Cell phones and cameras go together naturally, and when paired with social media services like Twitter, it’s become incredibly easy for us to share our lives with our loved ones. The problem comes when we unknowingly share more than we’re aware of. Nearly all digital photos contain metadata, which is information about the photo. Usually, it’s standard photographic information, like shutter and aperture settings as well as the date and time the photo was taken. Most modern smartphones, however, also have geotagging capabilities, which provide GPS coordinates in photo metadata. This might be quite helpful if you’re taking a trip and want to match up your photos to the place you were at when you took them. The problem comes in when you’ve posted the photo in a public forum, since you’re also posting the metadata as well.
Device makers have unfortunately made the whole issue of geotagging photos murky and difficult to understand (they do, after all, have more to gain the more you share your location, due to the growth of location-based advertising). That’s why Mayhemic Labs has created a site (rather salaciously) called icanstalku.com. The site pulls geotagged photos from Twitter photo sharing services like Twitpic and Yfrog, and maps the location where the photos were taken. Looking through the site is a little unsettling, which is exactly the point – Mayhemic’s goal is to make you aware of what it is you’re sharing with the world.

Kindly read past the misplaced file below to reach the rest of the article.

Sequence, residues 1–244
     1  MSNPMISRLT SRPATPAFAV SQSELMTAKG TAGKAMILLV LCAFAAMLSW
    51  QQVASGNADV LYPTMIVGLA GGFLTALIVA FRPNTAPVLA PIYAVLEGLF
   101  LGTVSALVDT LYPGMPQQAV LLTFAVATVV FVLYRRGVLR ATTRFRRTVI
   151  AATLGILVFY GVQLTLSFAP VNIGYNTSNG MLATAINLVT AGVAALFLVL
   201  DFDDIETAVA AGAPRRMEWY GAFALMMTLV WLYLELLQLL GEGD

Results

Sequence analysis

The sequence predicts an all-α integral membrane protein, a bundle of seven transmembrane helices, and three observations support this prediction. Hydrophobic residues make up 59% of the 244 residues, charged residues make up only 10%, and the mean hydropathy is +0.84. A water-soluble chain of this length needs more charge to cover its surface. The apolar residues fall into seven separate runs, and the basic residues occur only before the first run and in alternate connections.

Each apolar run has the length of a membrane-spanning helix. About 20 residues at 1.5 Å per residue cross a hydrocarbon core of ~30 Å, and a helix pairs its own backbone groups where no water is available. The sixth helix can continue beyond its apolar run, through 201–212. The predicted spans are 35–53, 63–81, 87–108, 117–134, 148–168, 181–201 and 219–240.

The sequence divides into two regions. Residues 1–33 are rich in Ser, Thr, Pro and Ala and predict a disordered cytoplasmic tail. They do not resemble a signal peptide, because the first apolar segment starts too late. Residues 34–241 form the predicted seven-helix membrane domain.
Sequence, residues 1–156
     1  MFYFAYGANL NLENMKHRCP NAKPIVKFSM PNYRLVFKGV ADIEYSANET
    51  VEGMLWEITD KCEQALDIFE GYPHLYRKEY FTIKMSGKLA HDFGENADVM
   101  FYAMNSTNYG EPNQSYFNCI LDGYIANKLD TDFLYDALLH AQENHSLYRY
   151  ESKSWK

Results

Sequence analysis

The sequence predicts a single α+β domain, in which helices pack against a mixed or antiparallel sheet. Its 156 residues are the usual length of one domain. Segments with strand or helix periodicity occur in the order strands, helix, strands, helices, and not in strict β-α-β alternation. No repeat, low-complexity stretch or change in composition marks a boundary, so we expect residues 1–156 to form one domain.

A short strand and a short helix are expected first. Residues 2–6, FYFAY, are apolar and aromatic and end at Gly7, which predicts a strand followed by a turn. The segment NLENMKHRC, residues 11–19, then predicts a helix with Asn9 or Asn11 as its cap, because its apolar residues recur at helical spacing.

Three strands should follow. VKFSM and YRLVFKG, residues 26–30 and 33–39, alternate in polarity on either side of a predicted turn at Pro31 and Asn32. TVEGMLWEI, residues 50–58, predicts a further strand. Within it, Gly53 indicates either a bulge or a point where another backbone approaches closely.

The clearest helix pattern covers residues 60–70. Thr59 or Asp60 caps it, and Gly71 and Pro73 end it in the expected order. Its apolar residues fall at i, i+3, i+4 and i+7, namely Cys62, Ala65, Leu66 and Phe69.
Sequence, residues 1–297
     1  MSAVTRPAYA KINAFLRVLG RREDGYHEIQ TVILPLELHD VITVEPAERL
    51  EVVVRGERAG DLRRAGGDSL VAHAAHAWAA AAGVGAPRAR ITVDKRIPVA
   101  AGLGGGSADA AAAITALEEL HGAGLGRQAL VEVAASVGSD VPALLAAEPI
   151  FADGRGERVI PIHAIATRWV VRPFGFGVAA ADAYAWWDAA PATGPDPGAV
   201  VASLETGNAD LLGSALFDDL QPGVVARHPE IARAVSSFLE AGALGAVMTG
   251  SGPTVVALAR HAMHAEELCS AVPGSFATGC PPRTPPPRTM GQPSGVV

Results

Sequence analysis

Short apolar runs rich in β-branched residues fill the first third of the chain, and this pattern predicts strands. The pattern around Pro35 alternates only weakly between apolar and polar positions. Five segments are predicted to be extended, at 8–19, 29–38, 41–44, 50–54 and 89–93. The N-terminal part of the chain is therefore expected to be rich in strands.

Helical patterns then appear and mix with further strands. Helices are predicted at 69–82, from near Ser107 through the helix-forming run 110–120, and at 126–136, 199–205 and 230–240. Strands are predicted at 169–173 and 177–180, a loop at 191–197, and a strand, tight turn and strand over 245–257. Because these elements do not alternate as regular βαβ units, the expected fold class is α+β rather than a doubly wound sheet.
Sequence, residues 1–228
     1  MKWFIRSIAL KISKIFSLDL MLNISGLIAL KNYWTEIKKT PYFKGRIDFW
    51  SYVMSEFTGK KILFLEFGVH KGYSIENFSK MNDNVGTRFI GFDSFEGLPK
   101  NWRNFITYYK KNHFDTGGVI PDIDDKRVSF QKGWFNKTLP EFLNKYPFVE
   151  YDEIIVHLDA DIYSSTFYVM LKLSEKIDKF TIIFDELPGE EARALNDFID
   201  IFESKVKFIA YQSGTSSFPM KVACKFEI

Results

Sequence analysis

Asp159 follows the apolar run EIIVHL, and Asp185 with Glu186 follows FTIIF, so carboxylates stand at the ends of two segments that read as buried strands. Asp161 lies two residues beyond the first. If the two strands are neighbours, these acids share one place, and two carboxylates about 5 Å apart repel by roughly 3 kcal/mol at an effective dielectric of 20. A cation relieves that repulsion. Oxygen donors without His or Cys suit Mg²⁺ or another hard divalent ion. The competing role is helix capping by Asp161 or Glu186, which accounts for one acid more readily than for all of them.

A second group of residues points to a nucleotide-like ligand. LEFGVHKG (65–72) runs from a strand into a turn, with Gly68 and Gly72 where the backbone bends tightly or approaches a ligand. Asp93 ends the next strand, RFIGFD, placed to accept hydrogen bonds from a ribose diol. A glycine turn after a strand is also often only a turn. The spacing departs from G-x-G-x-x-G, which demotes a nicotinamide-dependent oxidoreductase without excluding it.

In iOS 4, you can turn off geotagging photos by going going to Settings and selecting General.
Select Location Services.
And turn it off for the Camera app.
(The little compass arrow pointing to the northeast indicates the application has accessed your location data within the last 24 hours).
For users on iPhone OS 3 or earlier, you can only turn off location services globally (in other words, you don’t have control over which specific applications have access to your location data). The Mayhemic site has a workaround for this issue, as well as how to turn off geotagging photos in Google’s Android and Palm’s Web OS.